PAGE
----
President meets with organ donors families

By
December 27, 2012 03:19

Peres meets with families of organ donors, says it is moving to see altruism free from discrimination.




President Peres holding ADI card.

President Peres holding ADI card 370. (photo credit:Mark Neyman/GPO)

Organ donors’ families, along with recipients and their families, gathered at the official residence of President Shimon Peres on Wednesday, under the auspices of ADI, the National Transplant Center.

The Health Ministry established the center in 1994 as an official and independent body to manage Israel’s organ donation and transplant system.

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The event was also meant to show that there is no discrimination in donating organs.

In a video shown at the event, a recipient says after a transplant, “I never thought I would live to see the day when I could raise my arms again. I was so weak, I couldn’t do a thing.”


The mother of a young boy, making an obvious effort at self-control, says to doctors: “Take whatever you can from him, so more of him will remain alive on earth.”

A Jewish family that received the gift of life from an Arab family has visited with that family several times. There is a bond between them that transcends any differences they might have.

Although they have met before, there was a heart-warming meeting on stage between members of the Borin family, who contributed the organs of their five-and-a-half year old daughter that helped to save the life of teenager Maya Harel, who underwent a liver transplant.

Now fully recovered, and a volunteer in the IDF, Harel, 18, and wearing her army uniform, told of how at age 13, she suffered from severe stomach cramps that her family doctor diagnosed as a virus.

She was taken to hospital and placed in emergency care where she underwent every possible test before it was determined that she had a severely diseased liver. None of the treatment that she received in the course of a year did her much good, and the only solution that she could anticipate was a transplant.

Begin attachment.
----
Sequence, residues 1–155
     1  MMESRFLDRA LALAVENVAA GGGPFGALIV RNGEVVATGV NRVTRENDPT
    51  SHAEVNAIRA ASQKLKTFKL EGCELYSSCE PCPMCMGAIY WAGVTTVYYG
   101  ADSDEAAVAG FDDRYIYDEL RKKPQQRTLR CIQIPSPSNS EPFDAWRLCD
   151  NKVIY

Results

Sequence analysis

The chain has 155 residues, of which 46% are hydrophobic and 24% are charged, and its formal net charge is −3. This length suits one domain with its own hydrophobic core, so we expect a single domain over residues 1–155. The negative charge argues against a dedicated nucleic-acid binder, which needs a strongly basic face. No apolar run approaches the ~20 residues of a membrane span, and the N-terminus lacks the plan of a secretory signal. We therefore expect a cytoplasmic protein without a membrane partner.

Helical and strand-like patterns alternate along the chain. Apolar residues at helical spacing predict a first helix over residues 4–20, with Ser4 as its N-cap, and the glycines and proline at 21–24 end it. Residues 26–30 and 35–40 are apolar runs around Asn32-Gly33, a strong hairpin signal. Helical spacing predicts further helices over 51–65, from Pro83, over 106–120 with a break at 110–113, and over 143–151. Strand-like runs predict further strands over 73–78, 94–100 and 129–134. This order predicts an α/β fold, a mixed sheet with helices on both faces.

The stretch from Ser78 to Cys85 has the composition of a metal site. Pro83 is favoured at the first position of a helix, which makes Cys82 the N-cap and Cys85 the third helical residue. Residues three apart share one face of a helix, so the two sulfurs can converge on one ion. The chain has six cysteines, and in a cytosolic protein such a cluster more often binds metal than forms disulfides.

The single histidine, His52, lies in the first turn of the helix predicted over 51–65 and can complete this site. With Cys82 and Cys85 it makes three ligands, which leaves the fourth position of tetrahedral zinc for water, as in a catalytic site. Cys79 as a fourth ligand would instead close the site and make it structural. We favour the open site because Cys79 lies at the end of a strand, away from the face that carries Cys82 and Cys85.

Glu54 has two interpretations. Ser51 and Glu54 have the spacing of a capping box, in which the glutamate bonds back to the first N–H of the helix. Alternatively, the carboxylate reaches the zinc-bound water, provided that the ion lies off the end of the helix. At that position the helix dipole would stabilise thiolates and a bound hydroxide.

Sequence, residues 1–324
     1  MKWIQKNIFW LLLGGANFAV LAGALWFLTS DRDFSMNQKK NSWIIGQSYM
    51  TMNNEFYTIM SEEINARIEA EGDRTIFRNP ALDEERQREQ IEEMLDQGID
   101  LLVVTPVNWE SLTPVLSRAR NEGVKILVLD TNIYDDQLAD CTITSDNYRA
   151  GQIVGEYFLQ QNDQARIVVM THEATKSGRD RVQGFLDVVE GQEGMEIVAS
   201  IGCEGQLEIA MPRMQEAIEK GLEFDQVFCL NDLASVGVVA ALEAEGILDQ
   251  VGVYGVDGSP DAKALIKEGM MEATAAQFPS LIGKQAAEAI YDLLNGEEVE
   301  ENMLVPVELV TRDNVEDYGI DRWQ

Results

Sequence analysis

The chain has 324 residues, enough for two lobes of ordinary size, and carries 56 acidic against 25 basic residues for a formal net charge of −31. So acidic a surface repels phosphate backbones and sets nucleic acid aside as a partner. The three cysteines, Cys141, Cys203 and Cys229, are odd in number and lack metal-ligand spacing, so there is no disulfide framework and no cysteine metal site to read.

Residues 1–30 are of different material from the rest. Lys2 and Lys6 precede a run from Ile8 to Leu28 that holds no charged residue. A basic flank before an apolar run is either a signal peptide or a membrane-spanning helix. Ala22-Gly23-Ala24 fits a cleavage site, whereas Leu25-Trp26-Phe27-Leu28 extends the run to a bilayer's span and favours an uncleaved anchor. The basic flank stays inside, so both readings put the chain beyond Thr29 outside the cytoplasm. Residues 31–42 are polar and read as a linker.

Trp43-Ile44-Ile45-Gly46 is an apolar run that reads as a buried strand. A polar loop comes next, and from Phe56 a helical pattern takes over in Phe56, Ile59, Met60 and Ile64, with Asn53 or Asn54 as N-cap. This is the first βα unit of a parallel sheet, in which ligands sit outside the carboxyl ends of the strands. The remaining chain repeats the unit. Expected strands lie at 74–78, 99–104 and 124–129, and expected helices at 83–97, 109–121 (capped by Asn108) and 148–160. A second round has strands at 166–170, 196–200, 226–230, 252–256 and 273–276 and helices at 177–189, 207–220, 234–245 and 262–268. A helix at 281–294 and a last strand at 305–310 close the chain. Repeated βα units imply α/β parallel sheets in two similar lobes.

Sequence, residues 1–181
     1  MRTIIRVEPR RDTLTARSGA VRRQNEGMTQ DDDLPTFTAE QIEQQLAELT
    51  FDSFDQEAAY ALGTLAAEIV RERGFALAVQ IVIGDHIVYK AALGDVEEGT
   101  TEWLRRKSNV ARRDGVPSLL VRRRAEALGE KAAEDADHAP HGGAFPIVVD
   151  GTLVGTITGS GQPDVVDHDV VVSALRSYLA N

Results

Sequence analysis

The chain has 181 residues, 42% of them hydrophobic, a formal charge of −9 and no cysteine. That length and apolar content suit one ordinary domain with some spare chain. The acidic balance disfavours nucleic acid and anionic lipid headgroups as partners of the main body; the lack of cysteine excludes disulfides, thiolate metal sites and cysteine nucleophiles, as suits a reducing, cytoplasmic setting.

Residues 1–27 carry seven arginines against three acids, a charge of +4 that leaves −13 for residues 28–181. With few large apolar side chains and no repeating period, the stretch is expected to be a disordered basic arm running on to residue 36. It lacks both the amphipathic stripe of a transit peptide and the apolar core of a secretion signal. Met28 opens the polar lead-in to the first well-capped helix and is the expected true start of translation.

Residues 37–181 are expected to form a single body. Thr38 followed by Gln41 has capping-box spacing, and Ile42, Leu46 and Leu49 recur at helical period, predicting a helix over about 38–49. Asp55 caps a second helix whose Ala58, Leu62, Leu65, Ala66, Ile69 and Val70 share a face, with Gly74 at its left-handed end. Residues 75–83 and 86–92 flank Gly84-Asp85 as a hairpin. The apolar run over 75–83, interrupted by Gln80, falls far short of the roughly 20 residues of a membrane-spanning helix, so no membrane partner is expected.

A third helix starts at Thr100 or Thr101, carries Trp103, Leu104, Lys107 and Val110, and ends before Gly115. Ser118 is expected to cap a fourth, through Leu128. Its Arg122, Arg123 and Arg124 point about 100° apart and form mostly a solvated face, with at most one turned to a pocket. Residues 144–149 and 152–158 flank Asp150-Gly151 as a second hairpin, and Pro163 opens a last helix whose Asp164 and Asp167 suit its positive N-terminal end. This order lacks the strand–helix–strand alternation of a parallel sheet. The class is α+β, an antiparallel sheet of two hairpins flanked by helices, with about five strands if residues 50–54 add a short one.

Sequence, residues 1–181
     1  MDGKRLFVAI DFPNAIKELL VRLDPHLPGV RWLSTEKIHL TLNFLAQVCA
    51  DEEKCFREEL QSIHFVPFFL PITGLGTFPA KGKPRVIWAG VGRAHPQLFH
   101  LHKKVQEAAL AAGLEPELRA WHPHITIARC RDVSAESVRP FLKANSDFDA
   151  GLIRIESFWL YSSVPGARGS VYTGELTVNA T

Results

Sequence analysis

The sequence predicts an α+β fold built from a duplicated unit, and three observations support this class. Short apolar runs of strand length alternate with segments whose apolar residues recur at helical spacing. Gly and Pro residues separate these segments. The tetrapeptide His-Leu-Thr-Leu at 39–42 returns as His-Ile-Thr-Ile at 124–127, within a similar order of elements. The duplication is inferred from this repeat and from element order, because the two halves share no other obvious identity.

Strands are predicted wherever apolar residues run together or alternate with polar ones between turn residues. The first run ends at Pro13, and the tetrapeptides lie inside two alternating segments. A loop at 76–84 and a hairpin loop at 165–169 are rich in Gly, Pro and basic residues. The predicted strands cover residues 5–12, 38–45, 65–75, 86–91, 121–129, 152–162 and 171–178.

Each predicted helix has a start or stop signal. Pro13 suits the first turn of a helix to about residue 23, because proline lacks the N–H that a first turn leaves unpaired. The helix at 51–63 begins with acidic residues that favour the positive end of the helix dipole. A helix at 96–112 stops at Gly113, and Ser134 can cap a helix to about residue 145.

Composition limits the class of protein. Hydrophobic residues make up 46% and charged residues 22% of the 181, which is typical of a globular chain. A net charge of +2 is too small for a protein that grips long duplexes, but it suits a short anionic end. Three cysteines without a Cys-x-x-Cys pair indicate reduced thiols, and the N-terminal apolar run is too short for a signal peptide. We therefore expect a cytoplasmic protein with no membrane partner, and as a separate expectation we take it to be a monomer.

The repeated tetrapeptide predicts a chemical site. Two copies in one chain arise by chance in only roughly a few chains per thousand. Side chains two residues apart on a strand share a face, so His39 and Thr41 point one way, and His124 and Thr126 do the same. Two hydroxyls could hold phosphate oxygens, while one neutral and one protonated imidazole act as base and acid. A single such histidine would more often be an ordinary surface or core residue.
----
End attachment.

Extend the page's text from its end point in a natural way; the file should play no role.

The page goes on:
The trouble was that Israelis do not have a very good record for donating organs. Part of this stems from an old Jewish belief that a person who died should be buried with his or her body intact.

But in Jewish law, as in Christian and Muslim law, the saving of life is given priority above all else. It has taken a long time to convince the haredi community to donate organs, although they have no problem in accepting them.

Now that leading rabbis have come out in favor of organ donations and transplants, ADI is hopeful that more people will get the message and sign up for an ADI card, which obviates the need to ask immediate relatives to agree to donate organs if a card holder dies.

Harel was in Switzerland with her parents and siblings when the news that a liver was available finally came. Her mother burst into tears of relief and it was left to Harel to pack the suitcase that they would take with them on the flight back to Israel. The 10-hour operation was successful, but she was kept sedated and in intensive care for two days.